A Louisiana man who had his conviction overturned after spending 44 years in prison for a sex crime he did not commit is now suing the deputies and other officials he says framed him.
Vincent Simmons, 70, of Mansura, Louisiana, is still adjusting to modern life and technology like smartphones and smart televisions, all of which were nonexistent when he was locked up for allegedly raping two white teenage girls on May 9, 1977.
“I never encountered with these people, never,” exclaimed Simmons.
Simmons says in the 1970s the sentiments of Jim Crow era still dictated much of life in his hometown, which caused him several run-ins with police.
“It’s racist, so I had a record because my mom had to come and get me out of jail because I went into a white guy’s place because they said the Black people had to go through the back door,” Simmons recalled leading to one of his more memorable arrests as a juvenile when he refused to be treated as a second-class citizen.
On May 9, 1977, twin sisters Sharon and Karen Sanders were with their cousin, Keith Laborde, and that day Sharon allegedly was raped by a Black man they supposedly had given a ride before he produced a gun, but according to a lawsuit filed by Simmons, it was Laborde who allegedly raped his own cousin.
Simmons, who was well known by police due to his frequent run-ins as a juvenile, was the person framed for the alleged sex crime.
“How did they get to Vincent? They knew who Vincent was, they saw him on the street, they kidnapped him,” said Justin Bonus, Simmons’ attorney.
Bonus says the Laborde family was well connected in Avoyelles Parish, Louisiana, and they used their power and influence to frame Simmons.
“The main players are the Labordes, the main player Keith Laborde, the person who was thrown in the trunk allegedly, who we now know had sex with his cousin Karen, who admitted it on national television, John Laborde, Keith’s father, was the parish assessor, a very powerful person in the parish. The Laborde family period was a very powerful family,” Bonus said.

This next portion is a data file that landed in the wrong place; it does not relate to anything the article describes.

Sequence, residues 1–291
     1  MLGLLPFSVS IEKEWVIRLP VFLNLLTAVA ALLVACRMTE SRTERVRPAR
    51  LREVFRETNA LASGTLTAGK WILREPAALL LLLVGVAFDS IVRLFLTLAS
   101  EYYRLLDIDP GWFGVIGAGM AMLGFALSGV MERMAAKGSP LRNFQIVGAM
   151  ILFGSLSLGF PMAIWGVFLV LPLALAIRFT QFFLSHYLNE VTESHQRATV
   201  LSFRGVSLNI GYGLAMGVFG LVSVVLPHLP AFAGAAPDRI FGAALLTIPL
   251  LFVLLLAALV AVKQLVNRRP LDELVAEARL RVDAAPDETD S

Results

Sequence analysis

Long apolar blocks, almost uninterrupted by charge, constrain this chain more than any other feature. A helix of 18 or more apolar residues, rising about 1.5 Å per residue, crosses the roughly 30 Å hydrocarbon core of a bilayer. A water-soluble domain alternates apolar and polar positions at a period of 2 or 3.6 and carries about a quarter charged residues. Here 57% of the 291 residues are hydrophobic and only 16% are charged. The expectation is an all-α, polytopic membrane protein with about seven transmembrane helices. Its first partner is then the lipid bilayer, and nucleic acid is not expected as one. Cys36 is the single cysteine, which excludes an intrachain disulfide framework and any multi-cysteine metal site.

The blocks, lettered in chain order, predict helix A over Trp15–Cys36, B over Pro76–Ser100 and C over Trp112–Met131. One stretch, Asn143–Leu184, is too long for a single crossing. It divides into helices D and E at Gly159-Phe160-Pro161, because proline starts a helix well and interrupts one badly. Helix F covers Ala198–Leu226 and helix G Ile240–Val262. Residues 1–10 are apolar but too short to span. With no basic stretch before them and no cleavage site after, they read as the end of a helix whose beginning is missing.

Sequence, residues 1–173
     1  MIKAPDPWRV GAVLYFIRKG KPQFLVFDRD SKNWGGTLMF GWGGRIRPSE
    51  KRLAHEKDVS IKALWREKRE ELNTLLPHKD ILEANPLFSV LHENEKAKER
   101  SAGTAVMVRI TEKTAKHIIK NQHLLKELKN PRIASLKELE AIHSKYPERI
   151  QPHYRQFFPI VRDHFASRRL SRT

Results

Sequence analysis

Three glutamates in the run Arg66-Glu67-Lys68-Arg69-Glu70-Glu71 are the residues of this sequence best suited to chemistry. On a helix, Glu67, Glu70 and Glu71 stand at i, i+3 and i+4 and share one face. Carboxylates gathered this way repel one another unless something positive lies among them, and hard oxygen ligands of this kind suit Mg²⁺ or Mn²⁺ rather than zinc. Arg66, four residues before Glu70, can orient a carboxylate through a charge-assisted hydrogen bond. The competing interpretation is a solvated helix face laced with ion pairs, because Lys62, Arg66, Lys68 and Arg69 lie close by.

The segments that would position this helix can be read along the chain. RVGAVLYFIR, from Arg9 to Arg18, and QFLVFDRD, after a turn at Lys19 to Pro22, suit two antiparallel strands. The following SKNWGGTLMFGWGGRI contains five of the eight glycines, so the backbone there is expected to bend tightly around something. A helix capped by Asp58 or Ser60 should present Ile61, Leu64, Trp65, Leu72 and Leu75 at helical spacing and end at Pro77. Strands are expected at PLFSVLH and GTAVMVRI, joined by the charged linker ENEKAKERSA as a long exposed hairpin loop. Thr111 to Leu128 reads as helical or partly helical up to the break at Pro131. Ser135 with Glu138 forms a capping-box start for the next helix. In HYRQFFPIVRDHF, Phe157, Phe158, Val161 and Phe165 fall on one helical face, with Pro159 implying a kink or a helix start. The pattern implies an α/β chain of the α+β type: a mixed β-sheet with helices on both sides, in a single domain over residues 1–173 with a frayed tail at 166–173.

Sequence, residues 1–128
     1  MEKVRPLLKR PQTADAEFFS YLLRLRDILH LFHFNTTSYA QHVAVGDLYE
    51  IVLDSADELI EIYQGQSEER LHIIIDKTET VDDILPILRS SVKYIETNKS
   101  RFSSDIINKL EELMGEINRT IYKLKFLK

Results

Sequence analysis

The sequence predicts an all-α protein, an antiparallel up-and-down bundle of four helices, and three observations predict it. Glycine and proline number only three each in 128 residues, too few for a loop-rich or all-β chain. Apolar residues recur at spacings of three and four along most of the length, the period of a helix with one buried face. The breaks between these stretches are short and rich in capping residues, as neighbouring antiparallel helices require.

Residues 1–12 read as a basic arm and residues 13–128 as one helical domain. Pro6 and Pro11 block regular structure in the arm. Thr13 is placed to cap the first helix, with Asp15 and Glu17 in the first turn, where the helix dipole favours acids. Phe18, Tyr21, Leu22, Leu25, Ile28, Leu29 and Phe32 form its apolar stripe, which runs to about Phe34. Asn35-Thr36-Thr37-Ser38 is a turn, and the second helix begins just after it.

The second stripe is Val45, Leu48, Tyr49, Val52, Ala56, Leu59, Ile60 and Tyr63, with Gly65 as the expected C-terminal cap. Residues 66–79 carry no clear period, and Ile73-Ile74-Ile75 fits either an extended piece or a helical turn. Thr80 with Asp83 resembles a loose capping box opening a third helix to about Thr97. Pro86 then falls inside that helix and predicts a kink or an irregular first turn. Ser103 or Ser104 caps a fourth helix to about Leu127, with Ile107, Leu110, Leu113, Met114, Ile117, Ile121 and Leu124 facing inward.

After being picked up by police, Simmons says police tried to coerce him into confessing for the rape and went as far as shooting him in at the police station, but Simmons remained steadfast in proclaiming his innocence.
“I died, they shot me in jail because I wouldn’t admit, I wouldn’t confess to a crime. They shot me and tried to kill me,” Simmons said.
The lawsuit alleges the twins were coached into accusing Simmons, and during the suspect lineup Simmons was made to appear guilty, as he was the only man brought in wearing handcuffs.
“Robert Laborde who they all claim isn’t related to Keith and John Laborde but we know is, was the person who shot Vincent in the chest. He arrested Vincent on site and then and when Vincent didn’t confess, he took part in the lineup as well,” Bonus said.
Simmons always maintained his innocence despite being charged with two aggravated rapes and on July 28, 1977, Simmons was sentenced to two consecutive 50-year terms in prison by a jury of eleven white men and a Black woman. Over the years, Simmons says he fought for his innocence by petitioning for his post-conviction but was denied more than a dozen times.
“He was fighting, he was fighting from the day they took him to Angola, he probably had the most post-conviction motions than anybody else I’ve seen,” Bonus said of Simmons’ relentless efforts to plead his innocence.
The tide started to shift in Simmons’ favor as details of the alleged rape became clearer once Keith Laborde, the cousin of the twin girls started talking more and the stories from the twins themselves proved to be inconsistent, furthermore, a medical exam proved Sharon Sanders was still a virgin despite claiming she was raped.
This exculpatory evidence was withheld from Simmons’ lawyers which proved to be a turning point in his case.
“The truth started coming out 28 years ago, when Vincent got his discovery,” Bonus said of the evidence that led to Simmons’ case getting a fresh look by the courts.
It still took nearly two decades until Simmons was able to get a court hearing to claim his innocence.
According to the lawsuit, Keith Laborde, admitted Simmons did not rape either of the sisters and, he had consensual sex with one of them and locked the other in the trunk. On Feb. 14, 2022, Judge Bill Bennett sided with Simmons and vacated his conviction. After his release from prison, Simmons says he could only thank God.
“I had faith in him,” Simmons said upon his release from prison after 44 years.
Months after his release, Simmons vows for some accountability and compensation for the years taken away from his life while behind bars.
He wants the Laborde family and the Avoyelles Parish officials — or their heirs in some instances — held accountable for the wrongful conviction. While Simmons’ lawsuit does not list a specific dollar amount at this time, he says he wants a hefty payout in damages.
“I want one billion [dollars],” Simmons said of his hopeful compensatory and punitive damages payout.
“He needs to be compensated, he needs to be taken care of, they destroyed his life, they took him away from his children, his children don’t know who he is because of that and not only that, but he was also branded as a rapist,” said Bonus.
Atlanta Black Star sought comment from Avoyelles Parish officials regarding the lawsuit but have not heard back at the time of this report.